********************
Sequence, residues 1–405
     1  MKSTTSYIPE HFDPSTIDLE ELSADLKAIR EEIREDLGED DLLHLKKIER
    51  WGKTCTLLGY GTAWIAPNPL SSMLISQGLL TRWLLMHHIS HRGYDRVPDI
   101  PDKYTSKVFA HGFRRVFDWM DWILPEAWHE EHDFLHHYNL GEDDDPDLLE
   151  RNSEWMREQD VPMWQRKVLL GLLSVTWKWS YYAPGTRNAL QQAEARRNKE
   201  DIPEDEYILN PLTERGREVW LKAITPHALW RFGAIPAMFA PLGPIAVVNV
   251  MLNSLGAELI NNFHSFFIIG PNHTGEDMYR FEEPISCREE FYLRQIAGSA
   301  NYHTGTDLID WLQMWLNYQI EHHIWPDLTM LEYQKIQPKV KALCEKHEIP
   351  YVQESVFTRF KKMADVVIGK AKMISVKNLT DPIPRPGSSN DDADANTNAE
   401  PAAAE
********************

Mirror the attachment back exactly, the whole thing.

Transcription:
Sequence, residues 1–405
     1  MKSTTSYIPE HFDPSTIDLE ELSADLKAIR EEIREDLGED DLLHLKKIER
    51  WGKTCTLLGY GTAWIAPNPL SSMLISQGLL TRWLLMHHIS HRGYDRVPDI
   101  PDKYTSKVFA HGFRRVFDWM DWILPEAWHE EHDFLHHYNL GEDDDPDLLE
   151  RNSEWMREQD VPMWQRKVLL GLLSVTWKWS YYAPGTRNAL QQAEARRNKE
   201  DIPEDEYILN PLTERGREVW LKAITPHALW RFGAIPAMFA PLGPIAVVNV
   251  MLNSLGAELI NNFHSFFIIG PNHTGEDMYR FEEPISCREE FYLRQIAGSA
   301  NYHTGTDLID WLQMWLNYQI EHHIWPDLTM LEYQKIQPKV KALCEKHEIP
   351  YVQESVFTRF KKMADVVIGK AKMISVKNLT DPIPRPGSSN DDADANTNAE
   401  PAAAE